Monday, October 27, 2014

A Beginner’s Guide to Big O Notation (Based on existing resources - see the links below for more infomation)

In mathematicscomputer science, and related fields, big-O notation (also known asbig Oh notationbig Omicron notationLandau notationBachmann–Landau notation, and asymptotic notation) (along with the closely related big-Omega notationbig-Theta notation, and little o notation) describes the limiting behavior of a function when the argument tends towards a particular value or infinity, usually in terms of simpler functions. Big O notation characterizes functions according to their growth rates: different functions with the same growth rate may be represented using the same O notation.


http://rob-bell.net/2009/06/a-beginners-guide-to-big-o-notation/

O(1)

O(1) describes an algorithm that will always execute in the same time (or space) regardless of the size of the input data set.
bool IsFirstElementNull(String[] strings)
{
 if(strings[0] == null)
 {
  return true;
 }
 return false;
}

O(N)

O(N) describes an algorithm whose performance will grow linearly and in direct proportion to the size of the input data set. The example below also demonstrates how Big O favours the worst-case performance scenario; a matching string could be found during any iteration of the for loop and the function would return early, but Big O notation will always assume the upper limit where the algorithm will perform the maximum number of iterations.
bool ContainsValue(String[] strings, String value)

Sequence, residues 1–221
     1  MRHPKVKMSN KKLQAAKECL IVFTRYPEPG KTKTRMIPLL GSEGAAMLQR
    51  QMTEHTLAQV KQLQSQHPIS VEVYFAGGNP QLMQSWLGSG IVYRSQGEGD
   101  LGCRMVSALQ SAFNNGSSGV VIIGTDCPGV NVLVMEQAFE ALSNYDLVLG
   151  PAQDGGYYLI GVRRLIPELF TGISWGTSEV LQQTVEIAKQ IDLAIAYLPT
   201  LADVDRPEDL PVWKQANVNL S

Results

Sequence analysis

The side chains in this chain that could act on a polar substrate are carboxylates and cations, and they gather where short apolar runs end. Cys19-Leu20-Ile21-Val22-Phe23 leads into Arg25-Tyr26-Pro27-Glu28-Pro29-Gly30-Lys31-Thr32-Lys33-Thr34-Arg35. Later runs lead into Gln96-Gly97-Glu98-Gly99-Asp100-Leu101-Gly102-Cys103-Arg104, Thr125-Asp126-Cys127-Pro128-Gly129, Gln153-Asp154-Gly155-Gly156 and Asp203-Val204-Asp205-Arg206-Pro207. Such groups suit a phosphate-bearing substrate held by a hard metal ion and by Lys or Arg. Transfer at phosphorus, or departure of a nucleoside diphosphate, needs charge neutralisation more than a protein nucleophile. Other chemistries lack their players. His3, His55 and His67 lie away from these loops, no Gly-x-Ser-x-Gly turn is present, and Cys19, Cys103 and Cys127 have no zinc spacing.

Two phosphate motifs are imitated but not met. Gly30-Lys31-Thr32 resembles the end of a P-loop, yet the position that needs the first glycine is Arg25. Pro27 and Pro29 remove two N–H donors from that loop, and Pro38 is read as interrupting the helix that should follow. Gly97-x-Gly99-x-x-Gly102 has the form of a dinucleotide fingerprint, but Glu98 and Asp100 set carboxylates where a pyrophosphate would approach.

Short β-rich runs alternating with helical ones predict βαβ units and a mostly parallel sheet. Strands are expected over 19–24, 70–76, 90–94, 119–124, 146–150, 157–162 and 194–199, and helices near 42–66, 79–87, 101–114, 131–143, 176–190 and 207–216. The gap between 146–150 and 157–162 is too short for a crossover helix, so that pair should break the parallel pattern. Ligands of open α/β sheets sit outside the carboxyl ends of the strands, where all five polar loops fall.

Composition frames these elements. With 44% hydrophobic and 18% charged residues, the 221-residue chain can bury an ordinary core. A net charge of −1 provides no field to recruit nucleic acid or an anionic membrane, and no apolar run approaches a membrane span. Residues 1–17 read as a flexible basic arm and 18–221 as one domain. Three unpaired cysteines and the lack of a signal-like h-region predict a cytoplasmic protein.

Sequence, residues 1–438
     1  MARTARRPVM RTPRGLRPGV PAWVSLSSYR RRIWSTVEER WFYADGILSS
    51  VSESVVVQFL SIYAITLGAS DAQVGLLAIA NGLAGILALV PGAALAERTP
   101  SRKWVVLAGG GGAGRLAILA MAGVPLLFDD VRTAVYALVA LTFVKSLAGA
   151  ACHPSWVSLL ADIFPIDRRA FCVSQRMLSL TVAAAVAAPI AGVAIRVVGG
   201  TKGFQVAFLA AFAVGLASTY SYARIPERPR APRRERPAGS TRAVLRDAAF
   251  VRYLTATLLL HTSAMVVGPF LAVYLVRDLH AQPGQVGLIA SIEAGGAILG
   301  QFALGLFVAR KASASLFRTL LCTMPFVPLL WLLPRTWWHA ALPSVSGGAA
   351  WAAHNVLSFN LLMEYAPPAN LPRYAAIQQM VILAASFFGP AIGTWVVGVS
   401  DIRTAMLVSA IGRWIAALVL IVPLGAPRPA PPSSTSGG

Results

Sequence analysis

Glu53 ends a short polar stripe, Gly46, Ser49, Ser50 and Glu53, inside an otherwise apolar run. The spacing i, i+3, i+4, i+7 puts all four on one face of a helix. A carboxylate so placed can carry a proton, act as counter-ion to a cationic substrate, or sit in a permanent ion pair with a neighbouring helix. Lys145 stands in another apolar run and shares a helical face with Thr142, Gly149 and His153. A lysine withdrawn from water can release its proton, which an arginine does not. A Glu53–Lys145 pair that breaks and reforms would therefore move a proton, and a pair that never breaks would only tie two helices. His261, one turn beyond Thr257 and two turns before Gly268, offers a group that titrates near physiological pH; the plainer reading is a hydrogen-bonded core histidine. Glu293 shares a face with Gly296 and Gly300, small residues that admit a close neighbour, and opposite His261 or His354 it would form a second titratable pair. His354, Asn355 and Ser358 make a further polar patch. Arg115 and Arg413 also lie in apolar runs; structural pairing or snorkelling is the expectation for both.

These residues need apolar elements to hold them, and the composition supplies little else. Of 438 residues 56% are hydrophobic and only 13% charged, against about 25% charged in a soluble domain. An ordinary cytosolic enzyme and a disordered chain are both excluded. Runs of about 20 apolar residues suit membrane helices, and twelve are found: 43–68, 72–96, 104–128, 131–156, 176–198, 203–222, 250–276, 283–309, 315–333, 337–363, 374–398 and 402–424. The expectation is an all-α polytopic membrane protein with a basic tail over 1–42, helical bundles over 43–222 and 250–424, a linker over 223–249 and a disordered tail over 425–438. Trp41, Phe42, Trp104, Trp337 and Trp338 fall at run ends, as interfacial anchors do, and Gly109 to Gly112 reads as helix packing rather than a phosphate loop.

{
 for(int i = 0; i < strings.Length; i++)
 {
  if(strings[i] == value)
  {
   return true;
  }
 }
 return false;
}

O(N2)

O(N2) represents an algorithm whose performance is directly proportional to the square of the size of the input data set. This is common with algorithms that involve nested iterations over the data set. Deeper nested iterations will result in O(N3), O(N4) etc.
bool ContainsDuplicates(String[] strings)
{
 for(int i = 0; i < strings.Length; i++)
 {
  for(int j = 0; j < strings.Length; j++)
  {
   if(i == j) // Don't compare with self
   {
    continue;
   }

   if(strings[i] == strings[j])
   {
    return true;
   }
  }
 }
 return false;
}

O(2N)

O(2N) denotes an algorithm whose growth will double with each additional element in the input data set. The execution time of an O(2N) function will quickly become very large.
Comparing the common notation examples:
(Thanks to Algorithms: Big-Oh Notation.)
nConstant 
O(1)
Logarithmic
O(log n)
Linear
O(n)
Linear Logarithmic
O(n log n)
Quadractic
O(n2)
Cubic
O(n3)
1111111
2112248
412481664
81382464512
161416642564,096
1,0241101,02410,2401,048,5761,073,741,824
1,048,5761201,048,57620,971,52010121016
Reference : http://rob-bell.net/2009/06/a-beginners-guide-to-big-o-notation/
http://www.princeton.edu/~achaney/tmve/wiki100k/docs/Big_O_notation.html
http://www.javacodegeeks.com/2011/04/simple-big-o-notation-post.html

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